Several clinical observations indicate an inverse relationship between IFN-γ and IL-10 production in patients with fungal infections. High levels of IL-10, negatively affecting IFN-γ production, are detected in chronic candidal diseases102, in the severe form of endemic mycoses103 and in neutropaenic patients with aspergillosis104. Fungal polysaccharides are known to negatively modulate CMC through the production of IL-10, which indicates that IL-10 production might be a consequence of infection11. However, tolerance to fungi can also be achieved through the induction of TReg cells that can finely tune antifungal TH-cell reactivity. Therefore, suppressor T cells have recently regained their reputation as key controllers of antifungal immunity83. Naturally occurring downregulatory mechanisms that occur in the respiratory mucosa might account for the lack of pathology in P. carinii-infected mice105. Administration of CD4+CD25+ TReg cells prevents the inflammatory pathology that is associated with pathogen clearance. In mice with candidiasis, CD4+CD25+ TReg cells, producing IL-10 and TGF-β, prevent complete elimination of the fungus from the gastrointestinal tract; fungal persistence allows the development of memory immunity68.

It has long been presumed that the ability of C. albicans to persist in host tissues mainly involves the immunosuppressive property of cell-wall glycoproteins. Mannan and its oligosaccharide fragments could be potent inhibitors of cell-mediated immunity and seem to reproduce the immune deficit of patients with CMC106. CMC, although encompassing various clinical entities, has been associated with autoimmune polyendocrinopathy–candidiasis–ectodermal dystrophy — a condition in which the mutated gene has been shown to be involved in the ontogeny of CD25+ TReg cells107. In CMC, the defective production of type 1 cytokines does not occur concomitantly with the increase in type 2 cytokine production (that is, IL-4 or IL-5) but, more often, with IL-10 (Ref. 101). This finding has led to the speculation that an inherent alteration in receptor-mediated signalling in response to fungal polysaccharide might predispose patients with CMC to a dysfunctional induction of TReg-cell activity, negatively affecting TH1-cell-dependent clearance of the fungus, without implicating the activation of TH2 cells. Because both the recovery of fungus from the gastrointestinal tract and the detection of underlying TH1-cell reactivity, such as DTH and lymphoproliferation, can fluctuate in healthy subjects, it is tempting to speculate that TReg cells mediate tolerance to the fungus at the site of colonization. The ligation of distinct TLRs on DCs and the ensuing production of IL-6 are crucial events that mediate the inhibition of TReg-cell function20. This is in agreement with the failure of IL-6-deficient mice to activate antifungal TH1-cell responses concomitantly with increased IL-10 production11. It is also interesting that pro-inflammatory cytokines, but not IL-6, are produced by oral and/or vaginal epithelial cells in response to the fungus — a finding that might explain the downregulation of IFN-γ production in some patients with recurrent vaginal candidiasis108.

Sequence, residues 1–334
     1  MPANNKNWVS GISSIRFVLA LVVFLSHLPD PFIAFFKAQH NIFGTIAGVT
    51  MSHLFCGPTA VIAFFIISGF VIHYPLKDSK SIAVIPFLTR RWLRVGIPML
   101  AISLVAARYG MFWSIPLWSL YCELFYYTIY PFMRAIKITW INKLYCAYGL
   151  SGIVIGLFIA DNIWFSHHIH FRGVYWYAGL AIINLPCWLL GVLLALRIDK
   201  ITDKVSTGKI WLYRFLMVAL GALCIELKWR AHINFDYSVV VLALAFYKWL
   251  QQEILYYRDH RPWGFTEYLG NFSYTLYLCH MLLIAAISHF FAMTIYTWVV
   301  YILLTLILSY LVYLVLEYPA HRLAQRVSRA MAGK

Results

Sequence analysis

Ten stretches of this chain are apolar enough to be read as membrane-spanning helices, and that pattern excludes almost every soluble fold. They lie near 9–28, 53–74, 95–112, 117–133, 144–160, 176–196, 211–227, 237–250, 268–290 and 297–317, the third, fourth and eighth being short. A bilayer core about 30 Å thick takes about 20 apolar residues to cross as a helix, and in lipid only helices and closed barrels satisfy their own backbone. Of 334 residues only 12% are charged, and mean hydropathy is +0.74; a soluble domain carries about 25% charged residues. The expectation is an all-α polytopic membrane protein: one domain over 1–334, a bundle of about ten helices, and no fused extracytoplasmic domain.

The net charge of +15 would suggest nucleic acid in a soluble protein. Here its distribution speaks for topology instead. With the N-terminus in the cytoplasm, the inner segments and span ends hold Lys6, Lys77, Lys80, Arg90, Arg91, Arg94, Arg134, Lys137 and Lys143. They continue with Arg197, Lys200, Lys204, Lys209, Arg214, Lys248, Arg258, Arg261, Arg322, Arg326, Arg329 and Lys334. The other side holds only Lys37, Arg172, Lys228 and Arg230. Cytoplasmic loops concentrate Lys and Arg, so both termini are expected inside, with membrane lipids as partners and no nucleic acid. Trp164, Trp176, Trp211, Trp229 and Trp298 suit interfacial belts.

Therapeutic prospects